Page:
Such is the insidiousness of depression. While you feel terrible, it finds ways to convince you that it shouldn’t be this way. It tortures you. Torments you. I remember getting in touch with Samaritans via email on a bad day. I told the anonymous volunteer who responded to my message, “I don’t think I should feel this way. I don’t think I deserve to feel this way.”

They emailed me back, saying, “I’m not sure I know what you mean. But it’ll be all right.”

They were probably untrained. Knowing someone was listening was enough, enough to hold me together then. Later, years later, my therapist would tell me I should stop thinking about what “should be” and think about what actually was. And that’s the truth. During my sophomore year of high school, I was living in a world of shoulds and coulds and woulds, not a world of is and be and am. 

The exoskeleton threatened to crack. It crunched. At the end of the year, when I finally got with my first boyfriend, it damn near exploded. I’d let someone into my life, really let someone in, for the first time. And thank God I did. I was about to enter some of the darkest years of my life.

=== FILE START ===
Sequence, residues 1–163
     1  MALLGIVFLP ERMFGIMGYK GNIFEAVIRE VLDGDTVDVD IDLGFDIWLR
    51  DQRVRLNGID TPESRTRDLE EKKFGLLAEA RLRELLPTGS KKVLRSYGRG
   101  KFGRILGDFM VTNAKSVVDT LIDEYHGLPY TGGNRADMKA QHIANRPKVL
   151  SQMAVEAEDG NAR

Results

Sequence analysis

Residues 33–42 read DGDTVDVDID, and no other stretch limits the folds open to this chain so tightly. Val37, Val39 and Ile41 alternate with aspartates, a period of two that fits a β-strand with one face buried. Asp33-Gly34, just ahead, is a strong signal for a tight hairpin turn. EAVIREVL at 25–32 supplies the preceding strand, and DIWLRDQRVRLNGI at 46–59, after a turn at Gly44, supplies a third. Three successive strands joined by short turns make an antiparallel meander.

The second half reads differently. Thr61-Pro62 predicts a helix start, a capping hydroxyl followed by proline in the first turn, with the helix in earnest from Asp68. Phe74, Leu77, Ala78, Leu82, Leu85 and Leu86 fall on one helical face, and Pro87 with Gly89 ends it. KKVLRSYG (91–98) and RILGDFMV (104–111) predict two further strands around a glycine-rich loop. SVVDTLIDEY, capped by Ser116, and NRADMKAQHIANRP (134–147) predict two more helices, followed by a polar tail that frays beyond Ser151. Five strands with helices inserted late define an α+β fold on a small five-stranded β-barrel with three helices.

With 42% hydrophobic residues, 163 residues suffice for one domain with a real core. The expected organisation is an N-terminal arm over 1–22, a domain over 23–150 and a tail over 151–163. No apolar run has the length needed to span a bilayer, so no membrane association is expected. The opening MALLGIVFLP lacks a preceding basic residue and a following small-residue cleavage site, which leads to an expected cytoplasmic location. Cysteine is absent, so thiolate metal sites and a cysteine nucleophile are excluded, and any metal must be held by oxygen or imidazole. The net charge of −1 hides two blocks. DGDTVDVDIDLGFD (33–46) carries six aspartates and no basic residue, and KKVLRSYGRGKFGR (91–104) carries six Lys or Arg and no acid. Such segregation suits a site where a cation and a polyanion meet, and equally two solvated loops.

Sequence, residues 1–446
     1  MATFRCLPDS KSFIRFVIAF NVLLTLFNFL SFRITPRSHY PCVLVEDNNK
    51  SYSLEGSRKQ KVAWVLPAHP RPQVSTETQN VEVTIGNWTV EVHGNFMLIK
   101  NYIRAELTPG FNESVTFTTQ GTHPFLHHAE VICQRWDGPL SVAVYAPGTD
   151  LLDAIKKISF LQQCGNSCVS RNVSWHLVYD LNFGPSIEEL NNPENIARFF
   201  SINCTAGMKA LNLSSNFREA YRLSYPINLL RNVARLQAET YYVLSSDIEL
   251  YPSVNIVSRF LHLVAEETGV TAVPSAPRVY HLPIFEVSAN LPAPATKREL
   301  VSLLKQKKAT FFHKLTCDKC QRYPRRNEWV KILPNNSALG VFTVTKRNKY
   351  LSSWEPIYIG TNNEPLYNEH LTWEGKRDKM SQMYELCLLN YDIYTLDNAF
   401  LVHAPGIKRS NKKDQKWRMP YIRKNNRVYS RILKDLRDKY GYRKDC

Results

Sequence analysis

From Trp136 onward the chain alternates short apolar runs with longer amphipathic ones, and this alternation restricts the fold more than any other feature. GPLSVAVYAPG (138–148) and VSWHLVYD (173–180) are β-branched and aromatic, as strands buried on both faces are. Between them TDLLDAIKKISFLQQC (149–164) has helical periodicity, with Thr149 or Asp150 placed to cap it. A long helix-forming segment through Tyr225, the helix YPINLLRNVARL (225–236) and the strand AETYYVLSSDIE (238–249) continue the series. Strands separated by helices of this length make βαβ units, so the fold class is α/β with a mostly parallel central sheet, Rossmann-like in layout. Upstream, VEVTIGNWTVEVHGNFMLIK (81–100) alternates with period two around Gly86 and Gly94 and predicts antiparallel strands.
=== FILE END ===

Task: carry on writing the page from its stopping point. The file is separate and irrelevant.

a grasshopper with an exoskeleton clinging to a bar

Thank you for reading!

I hope you’ve enjoyed Episode Seven: Exoskeleton. As a reminder, you can find all entries in this series on the page devoted to This is Not a Sad StoryIf you enjoyed this read, please pass it on using the share buttons below! You can also follow Voyage of the Mind using the buttons in the sidebar at the top of the page. Or you can subscribe to our newsletter at the bottom. If you’re loving the content we’re producing here, please consider supporting us on Ko-fi.